Tax Credits and NEPA

Tax Credits and NEPA

September 15, 2010 | By Keith Martin in Washington, DC

A lawsuit will test whether power projects that are awarded federal tax credits become subject to the National Environmental Policy Act.

Such projects could have to get time-consuming environmental impact statements. The case could also affect renewable energy projects that receive Treasury cash grants.

However, the environmental group that filed the suit lost another round in late July.

The suit was filed after the IRS awarded $1 billion in investment tax credits in November 2006 to developers of nine projects that planned to use gasification and other advanced technologies to generate electricity or produce other forms of energy for industrial use from coal. Section 48A of the US tax code authorizes a 20% investment tax credit for building new integrated-gasification combined-cycle power plants and a 15% investment credit for using other advanced technologies to burn coal. However, the credits were limited at the time to $1.6 billion. Developers had to apply to the US Department of Energy and the Internal Revenue Service for an allocation.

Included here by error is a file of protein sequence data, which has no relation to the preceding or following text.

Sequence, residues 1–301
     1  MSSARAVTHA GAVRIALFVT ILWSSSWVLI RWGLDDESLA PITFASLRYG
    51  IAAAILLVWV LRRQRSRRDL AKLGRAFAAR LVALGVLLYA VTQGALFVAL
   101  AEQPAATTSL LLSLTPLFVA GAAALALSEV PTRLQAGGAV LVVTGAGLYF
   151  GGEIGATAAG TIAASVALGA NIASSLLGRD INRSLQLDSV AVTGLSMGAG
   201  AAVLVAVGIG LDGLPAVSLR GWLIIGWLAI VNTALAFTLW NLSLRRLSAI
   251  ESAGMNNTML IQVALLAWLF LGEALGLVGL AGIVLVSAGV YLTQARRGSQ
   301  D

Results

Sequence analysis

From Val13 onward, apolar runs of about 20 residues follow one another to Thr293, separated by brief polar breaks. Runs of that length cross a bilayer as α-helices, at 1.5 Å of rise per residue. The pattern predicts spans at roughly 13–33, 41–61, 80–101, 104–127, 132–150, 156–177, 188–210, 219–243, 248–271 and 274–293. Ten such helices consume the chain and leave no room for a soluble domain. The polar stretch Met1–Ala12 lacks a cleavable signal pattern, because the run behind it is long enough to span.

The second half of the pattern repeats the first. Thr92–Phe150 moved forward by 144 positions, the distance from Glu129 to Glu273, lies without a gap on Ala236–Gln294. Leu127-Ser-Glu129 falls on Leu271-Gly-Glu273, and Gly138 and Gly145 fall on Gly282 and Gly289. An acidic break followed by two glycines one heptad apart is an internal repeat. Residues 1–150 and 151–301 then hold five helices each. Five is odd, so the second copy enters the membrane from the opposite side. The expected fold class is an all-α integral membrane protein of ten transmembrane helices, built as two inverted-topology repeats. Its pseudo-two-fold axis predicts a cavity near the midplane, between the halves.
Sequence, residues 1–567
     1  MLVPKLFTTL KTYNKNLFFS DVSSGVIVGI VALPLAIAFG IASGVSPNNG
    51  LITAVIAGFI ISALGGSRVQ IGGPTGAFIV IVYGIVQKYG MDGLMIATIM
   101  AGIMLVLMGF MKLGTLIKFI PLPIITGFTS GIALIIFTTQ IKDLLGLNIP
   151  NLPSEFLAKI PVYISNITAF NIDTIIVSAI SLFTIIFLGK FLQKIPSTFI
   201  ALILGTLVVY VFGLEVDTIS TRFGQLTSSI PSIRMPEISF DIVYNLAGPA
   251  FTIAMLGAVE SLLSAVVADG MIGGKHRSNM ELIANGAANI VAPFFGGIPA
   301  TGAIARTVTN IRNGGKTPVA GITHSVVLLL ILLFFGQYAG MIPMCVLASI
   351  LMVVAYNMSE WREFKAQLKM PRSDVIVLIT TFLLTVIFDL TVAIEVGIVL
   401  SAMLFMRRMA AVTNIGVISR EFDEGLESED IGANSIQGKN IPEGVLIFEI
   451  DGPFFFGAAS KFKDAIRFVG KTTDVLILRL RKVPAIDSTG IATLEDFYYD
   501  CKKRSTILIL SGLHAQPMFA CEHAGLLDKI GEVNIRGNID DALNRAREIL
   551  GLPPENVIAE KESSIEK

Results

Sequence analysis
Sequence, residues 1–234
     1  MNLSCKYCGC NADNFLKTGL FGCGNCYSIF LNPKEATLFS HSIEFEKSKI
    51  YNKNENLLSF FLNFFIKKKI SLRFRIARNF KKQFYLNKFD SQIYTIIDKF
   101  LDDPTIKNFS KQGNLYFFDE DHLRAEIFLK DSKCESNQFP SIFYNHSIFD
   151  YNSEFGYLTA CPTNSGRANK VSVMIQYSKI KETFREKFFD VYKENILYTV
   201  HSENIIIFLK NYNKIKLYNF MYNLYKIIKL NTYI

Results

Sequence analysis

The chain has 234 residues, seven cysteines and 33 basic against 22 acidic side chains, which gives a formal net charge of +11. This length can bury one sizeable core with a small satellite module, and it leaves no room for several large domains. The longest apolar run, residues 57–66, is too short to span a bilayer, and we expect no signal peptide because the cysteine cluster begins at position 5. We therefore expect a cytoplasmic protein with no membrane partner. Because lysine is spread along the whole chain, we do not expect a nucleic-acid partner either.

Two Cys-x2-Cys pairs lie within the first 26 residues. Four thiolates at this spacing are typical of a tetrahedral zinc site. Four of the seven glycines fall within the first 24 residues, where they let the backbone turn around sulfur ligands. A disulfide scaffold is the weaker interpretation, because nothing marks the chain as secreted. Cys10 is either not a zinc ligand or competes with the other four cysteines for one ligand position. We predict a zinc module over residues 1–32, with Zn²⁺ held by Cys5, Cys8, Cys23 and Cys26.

Appalachian Voices is arguing in the suit that the decision to award tax credits is a “federal action” requiring recipients to comply with the National Environmental Policy Act.

The Department of Energy and IRS disagree.

The environmental group originally asked a federal district court in Washington for a preliminary injunction to deny the recipients use of the tax credits until the case could be heard. The court declined in 2008, saying that the group had not shown any “particularized connection to the sites” that were distant from the Appalachian region. The group re-filed its argument focusing on the one project that is nearby, an upgrade that Duke Energy plans to its Cliffside power plant in North Carolina. The utility was awarded $125 million in tax credits.

The court declined again in late July to issue a preliminary injunction. It said the Duke project will not be completed until 2012. Courts do not issue preliminary injunctions unless there is a risk of irreparable harm to one of the litigants before the merits of the case can be heard. The court said there is plenty of time to decide the case before the project is completed.

The case is Appalachian Voices v. Chu.